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Wagner Auction and Real Estate

Date Archives: April 20th, 2016

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Home Buying | 1 Posts
Home Selling | 3 Posts

A few weeks ago I shared my "#1 Secret Selling Tip" so I thought I'd follow up with something on the flip side of things - buying!  Yes, there are even "secrets" when purchasing a home.  Here it is:




So, what is it? 

It's basically a quick snapshot of your overall finances - what you make, what you owe, and your credit score.  All the nitty-gritty details will be ironed out over the course of the transaction but a lender will usually ask for:

  • Last two years of W-2s
  • Recent paystubs
  • Recent bank account statements
  • List of current debts (not monthly expenses such as utilities)
  • Social security number(s)

Each lender is different in what they ask for so this may be an incomplete list.


So, why do they need this information? 

To see if you can afford your home!  The two big numbers will be your debt-to-income ratio and credit score.  If you have too much debt or your credit score is terrible they will assume there is a high likelihood of default on the loan so they will not loan you the money!


So, why should you get one? 

Here are the two phrases I hear all the time:  "I'll wait to find the house first" and "I've got good credit so I'm good".  I can offer up numerous horror stories to combat these notions:

1)      I was helping a client find the perfect home which took over 4 months to narrow down.  They really hesitated getting the financing in order until we were ready to write the offer.  Upon further investigation it was discovered that their previous home sale from a few years ago was actually in default at the time of sale and registered as a short sale...huge hit to their credit score and history and they no longer qualified for a loan.

2)      A quick pre-approval for a client showed up a lot of unpaid and debts in default.  Turns out that their ex-spouse had stolen their identity and racked up a lot of charges.  It took almost a year to get all of it straightened out.

3)      During the pre-approval and house hunting process a client wanted to get their tax refund early and signed up for a "tax anticipation loan".  Problem is, loan = debt and their new debt-to-income ratio was now too high.  They had to wait until they received their true tax refund and pay off that loan and meanwhile their dream home sold.


I could keep going.  Another big issue is when it comes to submitting an offer on a property.  When I represent a home seller I will not even entertain an offer without a pre-approval in place.  Why should a seller negotiate with someone who hasn't even taken the very first step in purchasing a home?  The good ones go fast - show them that you are ready!


Having this information in place will also give you a good idea of what you're monthly payments will look like.  This figure will vary greatly as it is dependent on your down payment, interest rate, property taxes, and homeowners insurance.  And speaking of interest rates...a pre-approval can also lock in today's interest rates for a certain amount of time.  This is nothing but good for you.  If rates go up, your payment goes up!  To put this in monetary terms, if the interest rates changes from 4% to 4.25% on a $100,000, 30 year loan, the monthly payment would increase by $14.52.  You may not think that's a big deal, but, if you compound that out over the life of the loan, it is an extra $25,715.15!  Even worse, if the rate was to increase to 4.5% the increases would be $29.27/month and $53,420.00 total!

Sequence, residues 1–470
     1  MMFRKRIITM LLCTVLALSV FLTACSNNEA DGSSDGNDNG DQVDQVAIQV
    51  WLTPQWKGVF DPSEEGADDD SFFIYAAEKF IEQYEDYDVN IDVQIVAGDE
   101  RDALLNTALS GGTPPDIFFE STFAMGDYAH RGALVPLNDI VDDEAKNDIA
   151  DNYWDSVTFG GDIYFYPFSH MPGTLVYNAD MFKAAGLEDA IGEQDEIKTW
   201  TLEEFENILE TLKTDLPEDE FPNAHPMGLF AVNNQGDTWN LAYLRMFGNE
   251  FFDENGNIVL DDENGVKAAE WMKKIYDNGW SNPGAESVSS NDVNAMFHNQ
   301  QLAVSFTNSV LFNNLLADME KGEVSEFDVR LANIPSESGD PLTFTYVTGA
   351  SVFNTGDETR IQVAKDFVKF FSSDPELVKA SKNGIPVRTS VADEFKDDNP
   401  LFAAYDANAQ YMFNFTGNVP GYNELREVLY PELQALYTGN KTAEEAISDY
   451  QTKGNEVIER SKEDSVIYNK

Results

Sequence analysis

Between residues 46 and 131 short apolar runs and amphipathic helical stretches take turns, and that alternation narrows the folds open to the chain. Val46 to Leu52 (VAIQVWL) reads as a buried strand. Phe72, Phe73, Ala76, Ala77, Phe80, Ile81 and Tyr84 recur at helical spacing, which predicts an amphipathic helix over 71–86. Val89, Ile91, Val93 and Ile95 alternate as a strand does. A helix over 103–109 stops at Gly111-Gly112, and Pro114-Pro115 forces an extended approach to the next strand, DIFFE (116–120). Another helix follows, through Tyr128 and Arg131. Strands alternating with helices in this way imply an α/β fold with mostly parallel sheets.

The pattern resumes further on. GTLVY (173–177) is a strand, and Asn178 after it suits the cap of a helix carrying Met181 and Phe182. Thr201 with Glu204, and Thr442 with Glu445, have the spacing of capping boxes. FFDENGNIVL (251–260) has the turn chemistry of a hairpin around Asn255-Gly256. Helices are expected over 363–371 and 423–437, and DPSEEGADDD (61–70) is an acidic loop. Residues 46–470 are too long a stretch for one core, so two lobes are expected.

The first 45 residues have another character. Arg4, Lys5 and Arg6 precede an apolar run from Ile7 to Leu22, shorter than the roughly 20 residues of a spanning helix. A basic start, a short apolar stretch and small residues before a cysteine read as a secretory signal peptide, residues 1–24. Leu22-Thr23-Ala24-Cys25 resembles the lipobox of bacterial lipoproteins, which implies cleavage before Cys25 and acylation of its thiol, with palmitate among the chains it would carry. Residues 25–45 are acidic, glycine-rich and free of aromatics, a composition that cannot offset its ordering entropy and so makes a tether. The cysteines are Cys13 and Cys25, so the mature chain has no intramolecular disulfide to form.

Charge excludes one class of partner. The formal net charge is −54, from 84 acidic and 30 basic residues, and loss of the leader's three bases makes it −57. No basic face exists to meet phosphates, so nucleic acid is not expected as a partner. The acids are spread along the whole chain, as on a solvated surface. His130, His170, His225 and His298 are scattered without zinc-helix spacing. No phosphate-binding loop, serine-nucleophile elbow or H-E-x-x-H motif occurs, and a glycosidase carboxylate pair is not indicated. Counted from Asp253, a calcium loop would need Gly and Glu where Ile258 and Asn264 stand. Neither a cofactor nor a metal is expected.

So, where should you get one?

I always encourage to stay local with your lender selection.  I like the notion that I can meet someone in person who is invested in our community and easily contacted.  In my experience I've found that the big, national companies take a longer time to close and have more headaches involved because of their sheer size.  No joke, I had transaction where the loan originator was in Tennessee, underwriter was in North Carolina, and the closing department was in Texas.  It was awful trying to keep things straight and timely answers on things.


I will also encourage you to shop around a little bit.  It will not ding your credit score much to get a few quotes on rates.  If you're happy with your current bank, contact their mortgage department.  Check out a local credit union as they can often offer different qualifications and programs.  Finally, also speak with a mortgage broker as they can "shop you out" to multiple lenders and can provide even more options.


People can debate which came first, the chicken or the egg, but I'm telling you the pre-approval definitely comes first when purchasing a home.  Do it, do it now! I rest my case! 


Want even more home-buying information? Check out our Buyer's Information page!

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